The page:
Music is made up of two elements: rhythm and melody. The inner ear, being the sensory part of the ear, seems to be perfectly conceived for the integration of music. The inner ear is actually made up of two parts: the vestibular system and cochlear system. The vestibular system controls balance and body movements. It also allows for the integration of movements which make up the rhythm of music. The way the body expresses musical rhythm is seen clearly in its response to rhythmic dance music or military marches. It is because of the vestibular system that music seems to have an impact on the body. The cochlear system enables the transformation of acoustic vibrations into nervous influx, and thereby allows the perception of melody.

Music is a highly organized series of sounds that the ear must analyze. Therefore, listening to music is an excellent way for children to learn how to perceive sounds in an organized fashion, or in other words, to listen. Singing has a beneficial effect on the development of children's audio-vocal control or self-listening (ability to listen to oneself when vocalizing).


The main characteristics of music - namely tonal pitch, timbre, intensity, and rhythm - are all found in spoken language. For this reason, music prepares the child's ear, voice, and body to listen to, integrate, and produce language sounds.

Furthermore, music can be considered a "pre linguistic" language since it has all the characteristics of speech except for semantic value. In order to understand the pre linguistic value of music better, consider the child who is beginning to talk. His babbling and repetition of words correspond to the scales of a musician. While repeating phonetic scales, the child integrates the sound structure of words auditorially and vocally. Later, and only later, will he attach meaning to them. Children's songs are an excellent illustration of how a child approaches language. In these songs, the emphasis is on the sound and the construction of words which "sound" pleasant; they are phonetically descriptive and fun. the young child is more interested in the sounds of the words than their meaning - the story told is secondary.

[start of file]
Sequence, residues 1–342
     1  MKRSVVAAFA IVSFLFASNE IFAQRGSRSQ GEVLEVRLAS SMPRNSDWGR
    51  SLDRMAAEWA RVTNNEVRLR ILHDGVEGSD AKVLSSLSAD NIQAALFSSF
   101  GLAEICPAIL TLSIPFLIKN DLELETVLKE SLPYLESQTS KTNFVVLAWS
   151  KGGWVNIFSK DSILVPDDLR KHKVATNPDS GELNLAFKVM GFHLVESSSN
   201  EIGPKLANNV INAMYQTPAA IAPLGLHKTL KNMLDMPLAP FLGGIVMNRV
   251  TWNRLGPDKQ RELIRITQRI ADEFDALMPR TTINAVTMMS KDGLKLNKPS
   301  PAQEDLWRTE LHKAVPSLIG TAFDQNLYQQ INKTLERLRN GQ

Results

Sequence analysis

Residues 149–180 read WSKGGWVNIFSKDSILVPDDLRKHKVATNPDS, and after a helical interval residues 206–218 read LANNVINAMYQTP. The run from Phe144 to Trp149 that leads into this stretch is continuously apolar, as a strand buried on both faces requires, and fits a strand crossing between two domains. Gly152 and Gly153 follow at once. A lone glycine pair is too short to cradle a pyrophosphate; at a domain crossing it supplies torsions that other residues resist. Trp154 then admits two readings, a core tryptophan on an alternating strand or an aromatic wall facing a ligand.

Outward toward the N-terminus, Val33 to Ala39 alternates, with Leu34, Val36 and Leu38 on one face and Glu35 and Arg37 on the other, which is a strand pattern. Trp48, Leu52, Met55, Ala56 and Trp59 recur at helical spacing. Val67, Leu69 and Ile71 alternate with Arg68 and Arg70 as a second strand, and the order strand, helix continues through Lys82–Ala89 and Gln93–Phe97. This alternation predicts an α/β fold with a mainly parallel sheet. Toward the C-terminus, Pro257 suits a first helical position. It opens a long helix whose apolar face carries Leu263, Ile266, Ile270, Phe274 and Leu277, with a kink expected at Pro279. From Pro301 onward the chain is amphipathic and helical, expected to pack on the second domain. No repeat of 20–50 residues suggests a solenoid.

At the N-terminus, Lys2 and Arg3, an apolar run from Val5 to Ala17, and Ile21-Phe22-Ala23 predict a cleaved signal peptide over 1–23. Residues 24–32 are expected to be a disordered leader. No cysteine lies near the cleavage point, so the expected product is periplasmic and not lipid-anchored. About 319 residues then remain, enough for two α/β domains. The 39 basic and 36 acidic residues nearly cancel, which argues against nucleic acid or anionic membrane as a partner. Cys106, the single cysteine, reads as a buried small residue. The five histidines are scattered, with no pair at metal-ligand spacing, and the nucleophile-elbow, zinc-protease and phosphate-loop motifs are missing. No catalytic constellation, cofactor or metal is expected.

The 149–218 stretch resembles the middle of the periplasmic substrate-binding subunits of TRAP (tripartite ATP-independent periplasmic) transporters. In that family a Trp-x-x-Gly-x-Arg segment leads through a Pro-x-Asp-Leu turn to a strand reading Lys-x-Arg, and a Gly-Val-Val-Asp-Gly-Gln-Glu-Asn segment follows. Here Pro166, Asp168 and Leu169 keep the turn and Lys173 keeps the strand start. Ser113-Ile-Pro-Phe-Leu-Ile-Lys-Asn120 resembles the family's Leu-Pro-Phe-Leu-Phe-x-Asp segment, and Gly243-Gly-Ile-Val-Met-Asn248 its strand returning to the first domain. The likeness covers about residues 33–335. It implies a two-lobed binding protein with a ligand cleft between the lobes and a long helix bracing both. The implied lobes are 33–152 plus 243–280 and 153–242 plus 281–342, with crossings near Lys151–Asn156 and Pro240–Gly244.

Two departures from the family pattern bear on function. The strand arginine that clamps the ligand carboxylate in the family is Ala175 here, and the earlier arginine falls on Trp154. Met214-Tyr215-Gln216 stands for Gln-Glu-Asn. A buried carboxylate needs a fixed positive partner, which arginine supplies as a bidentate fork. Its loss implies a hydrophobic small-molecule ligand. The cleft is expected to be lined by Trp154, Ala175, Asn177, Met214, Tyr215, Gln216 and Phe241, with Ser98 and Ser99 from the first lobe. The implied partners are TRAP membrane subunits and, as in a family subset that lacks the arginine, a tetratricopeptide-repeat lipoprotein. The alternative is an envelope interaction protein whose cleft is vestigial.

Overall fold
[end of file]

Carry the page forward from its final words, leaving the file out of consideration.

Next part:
As in the case with babbling and repeating words, nursery rhymes and children's dances are also seen as games by children. Because they are perceived as games, the child's motivation is stimulated to listen, learn, and vocalize. As a result, children's songs act as a catalyst in this important transition from the infant's nonverbal world to the adult's world of verbal communication. In a way, these songs are like toys for the ear and voice. The educational value of such "toys" speaks for itself. All children should have access to them.

Children's songs and nursery rhymes harmonize body movements and motor functions by their effect on the vestibular system of the ear. They also increase the child's awareness of his body and help shape his body image. It is useful to view the body as an instrument which allows language to be expressed. Helping the child master the "body instrument" with music and song paves the way for successful language development. It is interesting to note that over 100 of the body's muscles are used when speaking. we must also remember the importance of motor functions in writing.

Counting songs illustrate that music may be considered highly mathematical in structure. Counting while singing invites the child to learn numbers in a playful way. This not only facilitates the integration of arithmetic facts and concepts, but it also allows for better awareness of space and time. When we work with a child who has problems with his multiplication tables, we suggest that he sing them as a series of counting songs.


A child with listening problems cannot benefit from most of the effects of music that have just been described. In many cases, he does not like music, or else he ignores it. This makes sense when we know that defective listening permits only and unclear, distorted, or monotonous perception of sound. The child who is unable to listen is at a great disadvantage in the process of language development. This child will certainly have problems reading, spelling, and perhaps in arithmetic; he ma also be diagnosed as learning disabled or dyslexic.

Whether this child sings in or out of tune, his voice often sounds "unpleasant". It is monotonous and dissonant when he speaks, as though he were speaking "off-key". His sense of rhythm is precarious and in some cases nonexistent. The same is true for his awareness of time and space. He doesn't like classical music, and he especially dislikes instruments which produce high-pitched sounds. He says that the sound of a violin is like a metal saw; it hurts his ears and sets his teeth on edge.

When learning how to play an instrument, he may have problems with hand and foot coordination. Just as he reads a text, he will read a music score slowly, with confusion, making mistakes along the way. At the same time, he would like to play drums ad spends his time listening to rock and disco music, which very often is too loud. "It's music for the deaf!" his parents say. No, it is a poor listener's music.